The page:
It should come as no surprise that the leftist legislators and authoritarian bureaucrats who run California are vehemently opposed to fireworks shows. After all, the shows are always fun and usually patriotic.

And against them they are. The California Coastal Commission has led the charge with a multi-year assault on the Sea World theme park in San Diego, which blasts fireworks over Mission Bay every night. That effort shipwrecked on the rocks of Sea World’s considerable political clout and even more considerable legal budget, so the Commission looked for a more vulnerable, less wealthy target.

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Brown Takes on Greens over (Some) Anti-Growth Litigation

Governor Brown almost sounded like a frustrated land developer earlier today when he talked about the impact litigation by environmental activists has on projects that are essential to meeting California’s demographic growth and protecting its frail economy.  Unfortunately, he wasn’t talking about the ecos’ endless legal challenges to new housing developments.

From the Sacramento Bee:

“In Oakland, I learned that some kind of opposition you have to crush,” Brown, the city’s former mayor, said at a renewable energy conference in Los Angeles.  “Talk a little bit, but at the end of the day you have to move forward, and California needs to move forward with our renewable energy.”

Brown said his office will “act to overcome the opposition,” helping projects overcome permitting and environmental challenges. The Democratic governor announced Friday that he had filed a legal brief urging a federal judge to deny litigation seeking to block a solar energy project in the Mojave Desert.

Yes, the governor is willing to “crush” the very environmentalists who were his strong supporters in the 2010 election – but only as long as it’s over government-subsidized alternative energy schemes. Providing housing for Californians? Rebooting the failed economy? Putting thousands back to work? That’s apparently not worth fighting for.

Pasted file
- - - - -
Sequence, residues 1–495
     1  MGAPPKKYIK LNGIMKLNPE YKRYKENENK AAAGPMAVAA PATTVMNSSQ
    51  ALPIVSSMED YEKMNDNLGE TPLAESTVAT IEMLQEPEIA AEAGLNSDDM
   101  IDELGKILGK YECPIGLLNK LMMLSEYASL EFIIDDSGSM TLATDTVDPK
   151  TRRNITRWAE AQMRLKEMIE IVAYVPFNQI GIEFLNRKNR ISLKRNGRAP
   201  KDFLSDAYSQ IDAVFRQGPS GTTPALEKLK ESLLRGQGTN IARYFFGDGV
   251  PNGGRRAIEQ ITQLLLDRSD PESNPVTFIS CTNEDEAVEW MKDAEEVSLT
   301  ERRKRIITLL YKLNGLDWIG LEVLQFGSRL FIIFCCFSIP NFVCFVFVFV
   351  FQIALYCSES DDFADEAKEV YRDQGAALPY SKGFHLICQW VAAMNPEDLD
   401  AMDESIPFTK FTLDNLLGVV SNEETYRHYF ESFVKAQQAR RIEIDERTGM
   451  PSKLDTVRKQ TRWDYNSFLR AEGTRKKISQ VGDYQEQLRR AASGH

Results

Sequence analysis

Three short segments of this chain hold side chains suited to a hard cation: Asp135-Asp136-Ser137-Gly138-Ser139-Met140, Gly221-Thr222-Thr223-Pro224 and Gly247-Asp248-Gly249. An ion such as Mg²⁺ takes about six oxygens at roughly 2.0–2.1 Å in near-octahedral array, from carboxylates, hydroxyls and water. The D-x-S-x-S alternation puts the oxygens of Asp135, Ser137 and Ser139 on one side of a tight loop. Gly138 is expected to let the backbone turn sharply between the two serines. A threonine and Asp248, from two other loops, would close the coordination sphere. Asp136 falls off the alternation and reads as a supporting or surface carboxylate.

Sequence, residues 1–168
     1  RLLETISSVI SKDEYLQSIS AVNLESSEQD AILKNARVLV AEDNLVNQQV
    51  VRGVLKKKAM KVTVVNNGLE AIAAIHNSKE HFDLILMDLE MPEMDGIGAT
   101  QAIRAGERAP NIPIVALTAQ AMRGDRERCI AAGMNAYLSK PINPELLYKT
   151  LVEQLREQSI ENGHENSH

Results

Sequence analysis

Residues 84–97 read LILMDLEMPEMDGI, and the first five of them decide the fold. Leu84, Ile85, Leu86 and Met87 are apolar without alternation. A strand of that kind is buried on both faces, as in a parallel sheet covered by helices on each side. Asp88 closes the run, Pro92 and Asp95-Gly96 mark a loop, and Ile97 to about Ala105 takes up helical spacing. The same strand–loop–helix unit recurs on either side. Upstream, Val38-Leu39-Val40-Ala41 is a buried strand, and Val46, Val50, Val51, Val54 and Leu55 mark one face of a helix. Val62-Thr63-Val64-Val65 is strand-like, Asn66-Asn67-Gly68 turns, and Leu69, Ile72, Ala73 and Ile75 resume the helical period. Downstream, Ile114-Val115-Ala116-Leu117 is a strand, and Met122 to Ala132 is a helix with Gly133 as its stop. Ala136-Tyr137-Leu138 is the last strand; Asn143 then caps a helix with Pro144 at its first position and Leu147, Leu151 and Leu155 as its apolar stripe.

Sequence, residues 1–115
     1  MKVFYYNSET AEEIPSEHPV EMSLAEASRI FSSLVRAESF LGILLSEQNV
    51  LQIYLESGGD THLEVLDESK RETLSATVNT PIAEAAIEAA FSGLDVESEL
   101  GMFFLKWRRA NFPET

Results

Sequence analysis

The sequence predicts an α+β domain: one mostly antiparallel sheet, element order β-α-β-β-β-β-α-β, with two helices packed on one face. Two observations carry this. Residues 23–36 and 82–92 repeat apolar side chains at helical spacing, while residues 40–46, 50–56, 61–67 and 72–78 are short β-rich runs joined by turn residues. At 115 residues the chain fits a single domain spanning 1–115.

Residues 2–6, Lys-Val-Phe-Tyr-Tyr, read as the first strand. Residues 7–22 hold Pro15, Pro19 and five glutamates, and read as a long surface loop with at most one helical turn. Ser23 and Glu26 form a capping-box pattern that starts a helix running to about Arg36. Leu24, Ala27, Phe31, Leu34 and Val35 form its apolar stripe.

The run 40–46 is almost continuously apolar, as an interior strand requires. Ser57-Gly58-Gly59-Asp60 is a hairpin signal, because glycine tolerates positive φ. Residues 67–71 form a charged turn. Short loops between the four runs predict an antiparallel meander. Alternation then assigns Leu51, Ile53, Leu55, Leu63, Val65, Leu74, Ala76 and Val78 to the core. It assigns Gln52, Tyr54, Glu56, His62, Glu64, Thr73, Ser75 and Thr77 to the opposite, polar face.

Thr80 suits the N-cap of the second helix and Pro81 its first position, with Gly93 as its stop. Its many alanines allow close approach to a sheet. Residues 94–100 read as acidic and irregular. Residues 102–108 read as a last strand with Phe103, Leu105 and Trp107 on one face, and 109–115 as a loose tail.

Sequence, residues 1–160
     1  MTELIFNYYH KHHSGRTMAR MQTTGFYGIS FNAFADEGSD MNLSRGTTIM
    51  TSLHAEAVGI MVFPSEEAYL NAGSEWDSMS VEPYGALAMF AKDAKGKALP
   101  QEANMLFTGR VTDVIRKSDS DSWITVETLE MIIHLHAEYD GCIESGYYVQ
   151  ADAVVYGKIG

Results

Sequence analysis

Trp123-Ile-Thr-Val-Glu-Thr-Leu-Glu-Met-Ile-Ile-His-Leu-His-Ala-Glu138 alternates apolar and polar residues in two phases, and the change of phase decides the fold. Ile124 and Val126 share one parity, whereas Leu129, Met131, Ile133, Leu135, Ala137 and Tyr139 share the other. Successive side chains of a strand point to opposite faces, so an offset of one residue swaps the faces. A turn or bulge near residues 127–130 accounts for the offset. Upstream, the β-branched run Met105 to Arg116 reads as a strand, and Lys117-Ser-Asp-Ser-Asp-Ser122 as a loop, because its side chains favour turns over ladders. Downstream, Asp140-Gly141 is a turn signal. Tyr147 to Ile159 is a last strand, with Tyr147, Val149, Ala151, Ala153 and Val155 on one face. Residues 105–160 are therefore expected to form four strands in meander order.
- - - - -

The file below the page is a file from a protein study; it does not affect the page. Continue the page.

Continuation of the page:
We’re not sure what we feel about government “crushing” environmental litigators. Having seen them slow so many very well-planned new home communities, driving up costs for consumers and driving down profits for businesses in the process, we confess we’re a bit tickled by the idea.

But two things bother us:  First, we can’t deny we’re sticklers for due process and are more than a little concerned when government gets heavy-handed and agenda-driven.  And second, we’d like to see an acknowledgment that useless litigation is just as bad when it’s used as a tool against home builders and, ultimately, home buyers.

Excuse Me, Is Your Mission Creeping?

Federal wetland regulators suffered a bad decade in the 2000s with the Rapanos and SWANCC decisions temporarily halting EPA and Corps of Engineers mission creep into the regulation of land no one but a regulator could consider to be “Waters of the US” or wetlands.

But like those nasty spirits in Poltergeist, they’re baaa-aack.

EPA released today a draft guidance it hopes will clarify which waters are protected by the Clean Water Act in light of these decisions and which are not.  To our reading, it seems the agency is a bit forgetful of the power the Judicial Branch has over the Executive Branch. For example, borrowing from a summary provided by the Association of California Water Agencies, the guidance would deem the following as protected waters:

  • Traditional navigable waters [check]
  • Interstate waters [check]
  • Wetlands adjacent to either traditional navigable waters or interstate waters [watch out!]
  • Non-navigable tributaries to traditional navigable waters that are relatively permanent, meaning they contain water at least seasonally [watch out!]
  • Wetlands that directly abut relatively permanent waters [watch out!]

How long is a season? When do waters become relatively impermanent? How adjacent is adjacent? For an administration that doesn’t like loopholes when they apply to corporations, these seem like loopholes of a drive-a-truck-through-it scale.

There’s another bunch of possibilities too, like if a “significant nexus” [how significant?] is found, then “wetlands adjacent to jurisdictional tributaries to traditional navigable waters” would be under federal jurisdiction, as well as that good ol’ regulatory Pandora’s box, “other waters.”

We were glad to see swimming pools specifically excluded.  More significantly, “erosional features (rills and gullies) … that are not tributaries or wetlands” are excluded. This is significant in the arid West, where these features, no matter how ephemeral, have been subject to regulation as if they were little Mississippi Rivers and Okefenokee Swamps.